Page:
Gogol wrote in the literary tradition of E.T.A. Hoffmann (The Sandman) and Laurence Sterne (Tristram Shandy), often involving elements of the fantastic and grotesque. In addition, Gogol’s works are often outrageously funny. The mix of humor, social realism, the fantastic, and unusual prose forms are what readers love about his work.
The Vampyre @200
“The Vampyre” was first published on April 1, 1819, by Colburn in the New Monthly Magazine with the false attribution “A Tale by Lord Byron.” The name of the work’s protagonist, “Lord Ruthven“, added to this assumption, for that name was originally used in Lady Caroline Lamb‘s novel Glenarvon, in which a thinly-disguised Byron figure was also named Lord Ruthven. Despite repeated denials by Byron and Polidori, the authorship often went unclarified.
The story was an immediate popular success, partly because of the Byron attribution and partly because it exploited the gothic horror predilections of the public. Polidori transformed the vampire from a character in folklore into the form we recognize today – an aristocratic fiend who preys among high society.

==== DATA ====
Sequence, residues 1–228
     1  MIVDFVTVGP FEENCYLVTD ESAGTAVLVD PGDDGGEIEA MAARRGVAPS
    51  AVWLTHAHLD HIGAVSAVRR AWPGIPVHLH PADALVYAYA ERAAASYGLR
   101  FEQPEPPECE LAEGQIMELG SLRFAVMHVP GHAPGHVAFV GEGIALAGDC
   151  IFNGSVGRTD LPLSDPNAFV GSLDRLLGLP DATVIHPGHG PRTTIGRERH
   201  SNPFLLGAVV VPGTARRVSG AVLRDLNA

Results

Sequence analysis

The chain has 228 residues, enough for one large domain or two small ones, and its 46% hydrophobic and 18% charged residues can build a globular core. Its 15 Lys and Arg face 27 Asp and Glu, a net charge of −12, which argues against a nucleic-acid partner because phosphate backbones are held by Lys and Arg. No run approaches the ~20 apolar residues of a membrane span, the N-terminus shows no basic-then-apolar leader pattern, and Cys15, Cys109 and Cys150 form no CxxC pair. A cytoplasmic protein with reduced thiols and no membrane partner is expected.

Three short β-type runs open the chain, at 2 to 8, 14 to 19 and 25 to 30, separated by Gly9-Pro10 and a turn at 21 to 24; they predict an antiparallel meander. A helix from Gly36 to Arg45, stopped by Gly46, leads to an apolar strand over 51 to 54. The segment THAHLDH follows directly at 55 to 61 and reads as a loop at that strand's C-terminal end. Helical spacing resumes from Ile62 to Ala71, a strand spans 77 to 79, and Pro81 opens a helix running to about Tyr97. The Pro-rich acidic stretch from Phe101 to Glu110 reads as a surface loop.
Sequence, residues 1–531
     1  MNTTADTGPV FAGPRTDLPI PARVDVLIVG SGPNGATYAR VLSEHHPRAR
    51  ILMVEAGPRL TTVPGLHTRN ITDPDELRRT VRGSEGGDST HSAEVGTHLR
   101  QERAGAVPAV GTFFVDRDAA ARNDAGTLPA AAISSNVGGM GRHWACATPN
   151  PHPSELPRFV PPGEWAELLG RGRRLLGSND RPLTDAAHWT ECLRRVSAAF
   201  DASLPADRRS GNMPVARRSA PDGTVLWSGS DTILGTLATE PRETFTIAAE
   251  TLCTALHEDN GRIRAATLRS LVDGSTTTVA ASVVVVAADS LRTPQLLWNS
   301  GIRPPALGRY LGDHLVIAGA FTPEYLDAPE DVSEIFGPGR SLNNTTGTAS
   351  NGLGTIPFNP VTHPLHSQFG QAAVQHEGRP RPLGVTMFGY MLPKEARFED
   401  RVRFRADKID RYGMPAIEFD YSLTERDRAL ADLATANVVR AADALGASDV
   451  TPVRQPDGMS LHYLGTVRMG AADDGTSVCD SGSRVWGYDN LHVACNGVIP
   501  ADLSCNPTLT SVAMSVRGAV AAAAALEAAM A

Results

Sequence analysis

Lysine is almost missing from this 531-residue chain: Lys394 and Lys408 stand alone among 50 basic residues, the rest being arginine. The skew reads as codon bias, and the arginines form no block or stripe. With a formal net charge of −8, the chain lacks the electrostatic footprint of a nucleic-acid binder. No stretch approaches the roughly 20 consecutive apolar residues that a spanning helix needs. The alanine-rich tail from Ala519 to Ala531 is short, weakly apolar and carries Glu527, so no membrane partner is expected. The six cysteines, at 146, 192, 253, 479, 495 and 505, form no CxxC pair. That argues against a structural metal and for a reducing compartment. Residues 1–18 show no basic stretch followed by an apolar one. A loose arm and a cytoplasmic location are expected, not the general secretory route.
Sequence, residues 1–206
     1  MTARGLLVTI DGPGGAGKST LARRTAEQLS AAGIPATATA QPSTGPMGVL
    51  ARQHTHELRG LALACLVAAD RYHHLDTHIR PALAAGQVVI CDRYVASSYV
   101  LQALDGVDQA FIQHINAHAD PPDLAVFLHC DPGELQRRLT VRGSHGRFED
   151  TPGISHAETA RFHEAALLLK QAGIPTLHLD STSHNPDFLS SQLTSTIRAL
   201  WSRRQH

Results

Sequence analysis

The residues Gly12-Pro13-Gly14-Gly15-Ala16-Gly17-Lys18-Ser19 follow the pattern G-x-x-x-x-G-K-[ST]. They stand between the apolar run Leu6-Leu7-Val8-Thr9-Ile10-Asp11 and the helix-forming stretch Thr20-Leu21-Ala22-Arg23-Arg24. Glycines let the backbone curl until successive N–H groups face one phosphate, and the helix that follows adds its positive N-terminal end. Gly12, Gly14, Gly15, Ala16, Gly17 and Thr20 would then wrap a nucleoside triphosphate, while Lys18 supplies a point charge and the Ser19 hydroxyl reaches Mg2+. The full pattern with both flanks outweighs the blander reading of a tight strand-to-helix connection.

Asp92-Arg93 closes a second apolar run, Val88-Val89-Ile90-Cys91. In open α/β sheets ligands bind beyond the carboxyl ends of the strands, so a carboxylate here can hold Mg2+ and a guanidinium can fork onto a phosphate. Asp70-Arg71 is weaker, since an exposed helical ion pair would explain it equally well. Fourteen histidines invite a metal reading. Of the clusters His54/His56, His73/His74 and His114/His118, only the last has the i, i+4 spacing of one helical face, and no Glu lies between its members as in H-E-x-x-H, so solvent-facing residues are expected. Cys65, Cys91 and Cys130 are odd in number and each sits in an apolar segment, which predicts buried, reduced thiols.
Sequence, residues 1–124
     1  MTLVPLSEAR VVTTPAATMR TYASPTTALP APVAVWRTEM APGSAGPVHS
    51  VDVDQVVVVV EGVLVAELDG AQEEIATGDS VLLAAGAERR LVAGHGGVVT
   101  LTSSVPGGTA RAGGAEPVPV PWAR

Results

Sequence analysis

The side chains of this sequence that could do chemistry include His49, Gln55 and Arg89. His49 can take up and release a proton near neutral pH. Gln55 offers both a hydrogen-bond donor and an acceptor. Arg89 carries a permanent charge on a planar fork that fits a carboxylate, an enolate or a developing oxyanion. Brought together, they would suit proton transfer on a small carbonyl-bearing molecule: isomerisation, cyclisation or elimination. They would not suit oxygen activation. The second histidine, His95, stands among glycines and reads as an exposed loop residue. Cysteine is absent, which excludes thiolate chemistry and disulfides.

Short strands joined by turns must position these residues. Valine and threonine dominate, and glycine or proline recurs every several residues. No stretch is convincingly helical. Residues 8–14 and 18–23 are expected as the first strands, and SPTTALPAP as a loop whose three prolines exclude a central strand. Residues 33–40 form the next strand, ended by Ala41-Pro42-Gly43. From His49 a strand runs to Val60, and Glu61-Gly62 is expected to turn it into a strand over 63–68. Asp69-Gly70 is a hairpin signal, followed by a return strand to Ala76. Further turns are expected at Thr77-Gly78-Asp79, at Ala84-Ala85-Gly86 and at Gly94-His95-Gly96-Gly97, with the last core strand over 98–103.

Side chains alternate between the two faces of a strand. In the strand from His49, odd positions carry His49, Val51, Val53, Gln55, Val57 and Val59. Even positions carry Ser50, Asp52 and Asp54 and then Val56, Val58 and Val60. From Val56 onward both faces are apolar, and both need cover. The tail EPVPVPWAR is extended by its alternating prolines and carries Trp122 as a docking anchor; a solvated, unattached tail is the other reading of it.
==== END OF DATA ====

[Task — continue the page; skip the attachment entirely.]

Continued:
An Italian translation of Malory by American author James Hadley Chase
Cover design by Carlo Jacono
A digression into Italian exploitation.
My interest in regional exploitation or pulp culture is that what it tells about the region where it is produced. I am searching for national stereotypes by way of their exploitation culture; regional stereotypes deduced from regional fears and desires (horror and eroticism).
Italian exploitation culture is literature and films in the “low culture” tradition originating from Italy, cultural products which address the prurient interests of its audience. A quick glance at Italian society on the one hand, which its firm anchor in puritan Christianity, and its abundance on the other hand of graphic exploitation material, quickly reveals its double standards.